We do not recommend the use of the UC Davis "DNA Test" for IVDD
Breeding schemes for intervertebral disc disease in dachshunds: Is disc calcification score preferable to genotyping of the FGF4 retrogene insertion on CFA12?
Our results show that the FGF4 retrogene insertion on CFA12 is not a valid risk indicator on its own. Relying on the DNA test will have an irreversible effect on the Dachshund breed excluding almost all dogs from breeding. Thus, using calcification status remains the most reliable breeding scheme for disc herniation in Dachshunds.
Phenotypic Effects of FGF4 Retrogenes on Intervertebral Disc Disease in Dogs. Bannasch et al 2019. [Open Access] In this study, which included 393 Dachshunds from the UK, USA and Switzerland, 93% had 2 copies of the 12-FGF4RG (CDDY)
mutation. UK/US Dachshunds had a mutation frequency of 0.98. This suggests the CDDY mutation is largely "fixed" in the breed. 148 Dachshunds in this study were surgically treated for IVDD and they
had a CDDY mutation frequency of 0.99.
"The main contributor to disc calcification was the presence of 12-FGF4RG. The odds of disc calcification increased with increasing number of copies of 12-FGF4RG. When compared to dogs with one copy of 12-FGF4RG, dogs with two copies had 2.5 times greater odds of disc calcification. At least 1 calcified disc was observed in 90.5% of Dachshunds and the breed had significantly higher odds (2.53) of disc calcification than other breeds.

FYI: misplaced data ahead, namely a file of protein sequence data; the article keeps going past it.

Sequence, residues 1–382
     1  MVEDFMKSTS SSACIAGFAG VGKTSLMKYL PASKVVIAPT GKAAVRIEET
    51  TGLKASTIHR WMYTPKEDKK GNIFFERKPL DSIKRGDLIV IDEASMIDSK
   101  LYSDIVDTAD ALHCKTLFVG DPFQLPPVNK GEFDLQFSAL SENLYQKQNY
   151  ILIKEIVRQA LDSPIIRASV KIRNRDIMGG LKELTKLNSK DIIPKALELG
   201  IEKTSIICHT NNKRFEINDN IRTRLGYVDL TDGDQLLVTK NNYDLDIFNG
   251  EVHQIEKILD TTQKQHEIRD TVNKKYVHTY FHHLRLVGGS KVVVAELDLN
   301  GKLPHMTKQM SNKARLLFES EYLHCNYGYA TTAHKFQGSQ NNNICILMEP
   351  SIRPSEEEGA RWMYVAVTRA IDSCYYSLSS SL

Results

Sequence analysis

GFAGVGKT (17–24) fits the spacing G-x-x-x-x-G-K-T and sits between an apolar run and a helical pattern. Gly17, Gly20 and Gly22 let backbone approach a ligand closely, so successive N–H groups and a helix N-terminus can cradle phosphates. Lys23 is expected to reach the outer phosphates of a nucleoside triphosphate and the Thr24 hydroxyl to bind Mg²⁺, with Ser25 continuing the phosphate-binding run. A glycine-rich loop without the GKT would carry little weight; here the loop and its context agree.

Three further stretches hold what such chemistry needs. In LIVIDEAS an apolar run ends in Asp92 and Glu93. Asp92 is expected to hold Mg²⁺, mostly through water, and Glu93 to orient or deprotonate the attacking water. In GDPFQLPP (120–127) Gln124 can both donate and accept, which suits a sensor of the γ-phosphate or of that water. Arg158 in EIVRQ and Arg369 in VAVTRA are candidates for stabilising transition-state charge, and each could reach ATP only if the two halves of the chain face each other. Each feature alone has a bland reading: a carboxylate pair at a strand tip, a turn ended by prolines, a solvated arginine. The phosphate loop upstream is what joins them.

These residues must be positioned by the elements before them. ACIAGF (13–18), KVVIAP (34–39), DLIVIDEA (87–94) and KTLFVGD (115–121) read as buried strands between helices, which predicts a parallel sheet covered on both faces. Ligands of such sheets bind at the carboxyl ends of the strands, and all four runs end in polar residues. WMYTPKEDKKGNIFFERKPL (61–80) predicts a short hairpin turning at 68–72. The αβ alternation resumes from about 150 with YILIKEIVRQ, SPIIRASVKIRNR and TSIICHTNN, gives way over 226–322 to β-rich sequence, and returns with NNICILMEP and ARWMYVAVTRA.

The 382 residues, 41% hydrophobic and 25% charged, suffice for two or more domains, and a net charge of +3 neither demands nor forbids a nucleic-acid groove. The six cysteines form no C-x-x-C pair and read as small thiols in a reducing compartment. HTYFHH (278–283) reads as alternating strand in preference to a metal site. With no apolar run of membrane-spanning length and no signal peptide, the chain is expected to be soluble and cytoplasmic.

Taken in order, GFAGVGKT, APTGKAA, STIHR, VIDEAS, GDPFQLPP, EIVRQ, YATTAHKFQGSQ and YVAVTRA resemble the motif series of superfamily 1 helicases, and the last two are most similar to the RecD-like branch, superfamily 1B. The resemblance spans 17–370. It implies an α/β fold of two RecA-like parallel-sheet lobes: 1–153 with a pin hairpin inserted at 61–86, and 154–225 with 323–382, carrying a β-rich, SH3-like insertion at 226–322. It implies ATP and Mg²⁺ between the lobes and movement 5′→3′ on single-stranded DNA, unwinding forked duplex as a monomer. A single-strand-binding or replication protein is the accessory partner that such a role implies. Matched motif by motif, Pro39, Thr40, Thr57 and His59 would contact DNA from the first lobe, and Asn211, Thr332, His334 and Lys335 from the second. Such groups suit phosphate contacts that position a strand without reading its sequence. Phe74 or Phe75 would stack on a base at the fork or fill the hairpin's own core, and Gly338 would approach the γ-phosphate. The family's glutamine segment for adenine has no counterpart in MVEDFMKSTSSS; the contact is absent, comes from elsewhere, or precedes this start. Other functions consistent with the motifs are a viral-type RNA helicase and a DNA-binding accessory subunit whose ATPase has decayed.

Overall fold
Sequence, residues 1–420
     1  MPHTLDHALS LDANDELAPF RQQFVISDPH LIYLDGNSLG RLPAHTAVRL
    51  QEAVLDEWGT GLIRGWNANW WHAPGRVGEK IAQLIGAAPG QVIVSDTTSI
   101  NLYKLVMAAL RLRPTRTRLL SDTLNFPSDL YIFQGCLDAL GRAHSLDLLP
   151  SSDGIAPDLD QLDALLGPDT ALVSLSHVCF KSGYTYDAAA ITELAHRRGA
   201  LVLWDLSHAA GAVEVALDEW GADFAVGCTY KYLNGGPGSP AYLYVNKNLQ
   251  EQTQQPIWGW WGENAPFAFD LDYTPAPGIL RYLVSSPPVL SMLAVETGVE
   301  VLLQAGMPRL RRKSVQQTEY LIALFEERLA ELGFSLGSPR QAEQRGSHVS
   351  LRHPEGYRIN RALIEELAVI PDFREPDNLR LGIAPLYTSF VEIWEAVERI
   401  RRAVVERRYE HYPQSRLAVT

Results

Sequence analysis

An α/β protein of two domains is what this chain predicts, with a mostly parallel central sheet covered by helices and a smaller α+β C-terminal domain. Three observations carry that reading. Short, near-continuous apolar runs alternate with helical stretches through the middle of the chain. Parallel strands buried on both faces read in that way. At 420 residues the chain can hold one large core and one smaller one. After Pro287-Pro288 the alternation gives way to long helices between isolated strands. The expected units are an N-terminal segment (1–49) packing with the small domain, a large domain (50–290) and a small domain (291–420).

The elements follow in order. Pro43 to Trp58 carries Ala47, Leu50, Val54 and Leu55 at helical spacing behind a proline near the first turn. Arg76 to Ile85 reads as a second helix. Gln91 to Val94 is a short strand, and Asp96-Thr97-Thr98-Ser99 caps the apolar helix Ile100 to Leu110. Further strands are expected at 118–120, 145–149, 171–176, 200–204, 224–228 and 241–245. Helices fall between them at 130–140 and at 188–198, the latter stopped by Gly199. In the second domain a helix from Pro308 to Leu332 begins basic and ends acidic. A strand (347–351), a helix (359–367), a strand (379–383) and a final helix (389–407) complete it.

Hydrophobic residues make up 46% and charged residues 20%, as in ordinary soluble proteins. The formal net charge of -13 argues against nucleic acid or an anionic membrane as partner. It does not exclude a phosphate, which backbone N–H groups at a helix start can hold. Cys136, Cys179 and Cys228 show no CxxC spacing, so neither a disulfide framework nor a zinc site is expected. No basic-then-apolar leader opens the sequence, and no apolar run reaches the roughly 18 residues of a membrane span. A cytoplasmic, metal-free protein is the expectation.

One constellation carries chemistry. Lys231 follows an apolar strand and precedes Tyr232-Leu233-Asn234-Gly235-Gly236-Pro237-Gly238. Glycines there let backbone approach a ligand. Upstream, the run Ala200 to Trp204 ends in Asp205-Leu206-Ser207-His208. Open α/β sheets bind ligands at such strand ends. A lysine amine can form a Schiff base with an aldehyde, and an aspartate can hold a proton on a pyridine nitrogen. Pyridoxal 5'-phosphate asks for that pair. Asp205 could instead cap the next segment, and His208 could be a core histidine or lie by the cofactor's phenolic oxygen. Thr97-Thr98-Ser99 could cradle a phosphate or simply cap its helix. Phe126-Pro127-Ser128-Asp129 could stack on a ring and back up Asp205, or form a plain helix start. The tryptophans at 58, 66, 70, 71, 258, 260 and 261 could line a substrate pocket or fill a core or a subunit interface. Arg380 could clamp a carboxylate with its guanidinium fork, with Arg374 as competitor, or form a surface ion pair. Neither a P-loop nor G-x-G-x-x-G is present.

"The high allele frequency of 12-FGF4RG among chondrodystrophic breeds, such as Dachshunds and French Bulldogs, precluded the calculation of a relative risk (of IVDD surgery)." This suggests that, because the mutation is so fixed in Dachshunds, it is of little use as a predictor of IVDD surgery.
Pathologic Features of the Intervertebral Disc in Young Nova Scotia Duck Tolling Retrievers Confirms Chondrodystrophy Degenerative Phenotype Associated With Genotype. Murphy et al 2019. [Abstract] This paper confirms that the CDDY mutation is associated with disc degeneration. We know that Dachshunds' discs calcify and degenerate at a much younger age than non-dwarf breeds. The fact that around 75% of Dachshunds do not suffer from herniated discs confirms our view that using this DNA test in our breed is largely a waste of money.